Dinner-wagon

Definitions

  • Chambers's Twentieth Century Dictionary
    • Dinner-wagon a set of light movable shelves for a dining-room
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Etymology

Chambers's Twentieth Century Dictionary
O. Fr. disner, prop. breakfast. See Dine.

Usage

In literature:

Families fetched their dinners with them from the country, and eat them in the wagons.
"Adventures of Huckleberry Finn, Complete" by Mark Twain (Samuel Clemens)
Before dinner he had ridden out of the town to where on a rise a number of transport-wagons were outspanned.
"The Story of an African Farm" by (AKA Ralph Iron) Olive Schreiner
But it proved to be only a market wagon coming at a furious pace down the road, with somebody's belated dinner.
"Five Little Peppers And How They Grew" by Margaret Sidney
In accordance with our plan, the doctor and I set out after dinner for the goods-wagon, which was about a mile away from our hut.
"The Man-eaters of Tsavo and Other East African Adventures" by J. H. Patterson
They stayed through the day, and ate dinner at the tail of the chuck wagon with the cattlemen.
"A Texas Ranger" by William MacLeod Raine
He arrived in a wagon, with a span of handsome gray horses, and ordered dinner.
"Passages From The American Notebooks, Volume 1" by Nathaniel Hawthorne
Once an exceedingly fat man, too obese to descend from his high wagon, bought an immense dinner bell and he was hit unmercifully.
"Adopting An Abandoned Farm" by Kate Sanborn
Meanwhile the wagon and remuda had followed up the drift, dinner was waiting, and after the mid-day meal had been bolted, orders rang out.
"Wells Brothers" by Andy Adams
The guests had gone to the dinner together in a big wagon and were delivered to their respective shacks on the way back.
"Land of the Burnt Thigh" by Edith Eudora Kohl
When dinner time came she gathered them all around her and went to the wagon.
"Lucy Maud Montgomery Short Stories, 1902 to 1903" by Lucy Maud Montgomery
Here and there beside their wagons, families were eating a dinner of their own.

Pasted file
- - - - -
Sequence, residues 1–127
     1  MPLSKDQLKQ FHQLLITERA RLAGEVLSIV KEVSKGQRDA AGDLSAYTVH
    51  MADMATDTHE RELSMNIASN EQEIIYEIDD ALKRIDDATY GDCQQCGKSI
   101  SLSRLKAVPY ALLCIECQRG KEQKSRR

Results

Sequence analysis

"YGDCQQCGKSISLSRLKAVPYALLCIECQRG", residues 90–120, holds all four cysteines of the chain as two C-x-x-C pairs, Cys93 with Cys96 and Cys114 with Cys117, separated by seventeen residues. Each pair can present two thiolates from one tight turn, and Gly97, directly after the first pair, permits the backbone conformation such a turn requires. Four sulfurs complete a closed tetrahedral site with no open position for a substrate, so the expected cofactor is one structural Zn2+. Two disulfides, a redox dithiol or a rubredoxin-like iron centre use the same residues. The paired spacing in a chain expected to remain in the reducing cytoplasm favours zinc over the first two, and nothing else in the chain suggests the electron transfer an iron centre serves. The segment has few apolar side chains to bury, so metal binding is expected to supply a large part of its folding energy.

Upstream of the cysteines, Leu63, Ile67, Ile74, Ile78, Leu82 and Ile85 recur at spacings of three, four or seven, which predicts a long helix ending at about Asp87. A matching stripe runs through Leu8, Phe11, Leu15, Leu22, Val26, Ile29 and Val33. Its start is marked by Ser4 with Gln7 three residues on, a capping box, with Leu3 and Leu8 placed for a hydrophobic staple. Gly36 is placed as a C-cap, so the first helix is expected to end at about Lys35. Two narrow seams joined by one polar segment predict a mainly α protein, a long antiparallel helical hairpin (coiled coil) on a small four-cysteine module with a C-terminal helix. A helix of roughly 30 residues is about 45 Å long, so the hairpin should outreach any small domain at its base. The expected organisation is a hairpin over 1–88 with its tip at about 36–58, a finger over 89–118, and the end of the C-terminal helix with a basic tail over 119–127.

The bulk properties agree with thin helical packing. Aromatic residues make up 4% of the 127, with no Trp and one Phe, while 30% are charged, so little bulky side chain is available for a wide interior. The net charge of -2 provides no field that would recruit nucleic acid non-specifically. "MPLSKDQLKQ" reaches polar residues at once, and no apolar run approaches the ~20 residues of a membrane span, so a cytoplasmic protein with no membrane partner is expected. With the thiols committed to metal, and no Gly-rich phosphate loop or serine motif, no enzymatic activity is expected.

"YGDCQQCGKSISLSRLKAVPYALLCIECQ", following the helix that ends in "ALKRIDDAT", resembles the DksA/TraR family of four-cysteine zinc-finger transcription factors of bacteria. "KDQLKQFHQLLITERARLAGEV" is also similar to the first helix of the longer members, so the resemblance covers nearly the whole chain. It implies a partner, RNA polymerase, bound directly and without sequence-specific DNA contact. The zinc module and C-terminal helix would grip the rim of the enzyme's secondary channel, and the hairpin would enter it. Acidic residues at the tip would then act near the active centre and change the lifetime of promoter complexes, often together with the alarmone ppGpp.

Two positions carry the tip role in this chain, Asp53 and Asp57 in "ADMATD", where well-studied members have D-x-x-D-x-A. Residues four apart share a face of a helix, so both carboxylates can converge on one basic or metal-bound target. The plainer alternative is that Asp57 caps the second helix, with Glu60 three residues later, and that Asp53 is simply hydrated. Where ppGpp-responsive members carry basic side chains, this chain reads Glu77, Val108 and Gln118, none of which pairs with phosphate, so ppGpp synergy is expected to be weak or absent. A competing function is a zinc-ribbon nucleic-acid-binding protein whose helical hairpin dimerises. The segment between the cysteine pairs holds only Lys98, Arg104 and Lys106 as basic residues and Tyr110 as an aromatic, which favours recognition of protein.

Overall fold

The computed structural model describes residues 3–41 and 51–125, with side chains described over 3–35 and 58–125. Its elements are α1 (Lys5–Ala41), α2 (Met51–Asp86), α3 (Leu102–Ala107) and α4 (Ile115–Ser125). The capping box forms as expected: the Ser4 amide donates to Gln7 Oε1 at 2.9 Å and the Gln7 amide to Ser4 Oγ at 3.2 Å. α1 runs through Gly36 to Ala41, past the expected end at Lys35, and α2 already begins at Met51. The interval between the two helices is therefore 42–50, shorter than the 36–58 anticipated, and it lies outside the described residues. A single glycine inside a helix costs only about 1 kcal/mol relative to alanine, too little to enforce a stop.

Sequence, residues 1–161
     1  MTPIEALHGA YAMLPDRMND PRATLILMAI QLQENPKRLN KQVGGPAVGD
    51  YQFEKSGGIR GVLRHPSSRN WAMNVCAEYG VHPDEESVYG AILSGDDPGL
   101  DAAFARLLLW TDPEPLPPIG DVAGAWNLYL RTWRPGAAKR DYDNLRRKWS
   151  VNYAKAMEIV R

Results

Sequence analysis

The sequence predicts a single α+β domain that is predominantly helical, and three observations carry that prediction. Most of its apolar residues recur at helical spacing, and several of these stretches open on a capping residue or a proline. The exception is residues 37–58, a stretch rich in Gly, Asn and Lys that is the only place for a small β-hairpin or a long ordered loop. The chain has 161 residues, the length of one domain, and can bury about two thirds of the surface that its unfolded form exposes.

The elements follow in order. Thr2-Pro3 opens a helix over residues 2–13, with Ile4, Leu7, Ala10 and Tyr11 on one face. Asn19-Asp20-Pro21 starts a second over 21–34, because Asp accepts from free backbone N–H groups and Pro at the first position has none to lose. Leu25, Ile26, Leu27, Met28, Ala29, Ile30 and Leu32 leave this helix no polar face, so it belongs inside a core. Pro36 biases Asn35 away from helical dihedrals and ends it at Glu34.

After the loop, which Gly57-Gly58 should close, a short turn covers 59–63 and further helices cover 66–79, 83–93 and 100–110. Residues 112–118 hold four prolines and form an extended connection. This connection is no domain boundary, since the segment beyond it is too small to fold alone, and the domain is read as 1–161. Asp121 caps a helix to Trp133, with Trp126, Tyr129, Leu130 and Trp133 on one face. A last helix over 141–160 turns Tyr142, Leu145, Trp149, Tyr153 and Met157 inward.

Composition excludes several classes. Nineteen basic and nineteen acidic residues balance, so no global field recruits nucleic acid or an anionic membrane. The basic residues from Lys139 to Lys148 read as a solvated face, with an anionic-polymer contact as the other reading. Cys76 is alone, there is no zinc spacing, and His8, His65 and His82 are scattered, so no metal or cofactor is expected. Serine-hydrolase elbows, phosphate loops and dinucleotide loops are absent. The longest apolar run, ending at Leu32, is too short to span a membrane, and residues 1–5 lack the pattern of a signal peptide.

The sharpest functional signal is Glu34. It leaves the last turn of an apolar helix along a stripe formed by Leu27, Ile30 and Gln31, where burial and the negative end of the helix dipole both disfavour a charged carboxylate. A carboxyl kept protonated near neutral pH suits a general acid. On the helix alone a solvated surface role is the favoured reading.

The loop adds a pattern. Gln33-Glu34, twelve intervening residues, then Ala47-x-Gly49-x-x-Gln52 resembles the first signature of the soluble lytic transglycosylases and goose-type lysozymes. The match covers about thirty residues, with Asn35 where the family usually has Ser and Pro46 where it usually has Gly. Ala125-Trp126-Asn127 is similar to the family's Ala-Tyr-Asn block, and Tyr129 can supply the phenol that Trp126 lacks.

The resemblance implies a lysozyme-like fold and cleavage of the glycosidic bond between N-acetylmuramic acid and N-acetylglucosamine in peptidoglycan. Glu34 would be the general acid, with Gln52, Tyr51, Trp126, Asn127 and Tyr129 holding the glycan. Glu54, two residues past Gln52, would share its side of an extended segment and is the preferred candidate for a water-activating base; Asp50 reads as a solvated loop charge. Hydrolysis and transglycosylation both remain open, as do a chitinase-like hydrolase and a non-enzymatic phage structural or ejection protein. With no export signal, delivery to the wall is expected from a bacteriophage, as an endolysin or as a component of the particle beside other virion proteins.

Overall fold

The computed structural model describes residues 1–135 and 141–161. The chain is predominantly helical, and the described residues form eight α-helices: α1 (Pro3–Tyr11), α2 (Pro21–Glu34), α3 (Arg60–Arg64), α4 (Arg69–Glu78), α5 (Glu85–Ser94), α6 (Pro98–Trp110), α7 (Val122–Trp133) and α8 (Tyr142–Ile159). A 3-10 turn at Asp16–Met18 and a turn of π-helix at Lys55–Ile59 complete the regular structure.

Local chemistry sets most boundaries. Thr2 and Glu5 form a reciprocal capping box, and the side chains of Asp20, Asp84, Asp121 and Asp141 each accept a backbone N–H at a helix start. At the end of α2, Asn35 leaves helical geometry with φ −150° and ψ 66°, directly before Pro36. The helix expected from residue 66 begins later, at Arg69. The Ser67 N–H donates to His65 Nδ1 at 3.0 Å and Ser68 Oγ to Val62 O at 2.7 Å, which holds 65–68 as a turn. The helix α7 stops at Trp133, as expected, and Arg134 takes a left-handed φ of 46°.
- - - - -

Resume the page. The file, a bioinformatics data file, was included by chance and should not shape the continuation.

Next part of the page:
"A Spoil of Office" by Hamlin Garland
At the usual time we turned in for dinner near by a camp of two or three wagons.
"In the Early Days along the Overland Trail in Nebraska Territory, in 1852" by Gilbert L. Cole
By good fortune I succeeded in finding one wagon belonging to our train, where I got some dinner.
"Journal of a Trip to California by the Overland Route Across the Plains in 1850-51" by E. S. (Eleazer Stillman) Ingalls
Families fetched their dinners with them from the country, and eat them in the wagons.
"The Adventures of Huckleberry Finn" by Mark Twain
After dinner our Platoon harnessed up three teams to a wagon to go after brick for chimneys.
"An Artilleryman's Diary" by Jenkin Lloyd Jones
The rangeman pushes the dinner wagon along the tier.
"Prison Memoirs of an Anarchist" by Alexander Berkman
Shortly after, dinner was ready, and all the boys sat down upon the wagon-chests, and commenced eating.
"The Young Yagers" by Mayne Reid
Then he went off to his dinner, and I took the horse and wagon round to the stables.
"Final Proof" by R. Ottolengui
Here he stopped for dinner as it was after twelve o'clock when the last wagon passed up the bank.
"The Indians' Last Fight" by Dennis Collins
After dinner Jardine got out his Clover-leaf wagon and drove Jimmy to the hotel.
"Northwest!" by Harold Bindloss
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In news:

CENTERVILLE — The Centerville chapter of the Sons of the Utah Pioneers will hold its annual Wagon Wheel Dinner on Sept 4 at 6 pm at the bowery in the park at 900 S 400 East.
"We reinvented the classic Chuck Wagon dog dinner with a taste that's sure to make your dog come running," K-VA-T writes in promotional materials.
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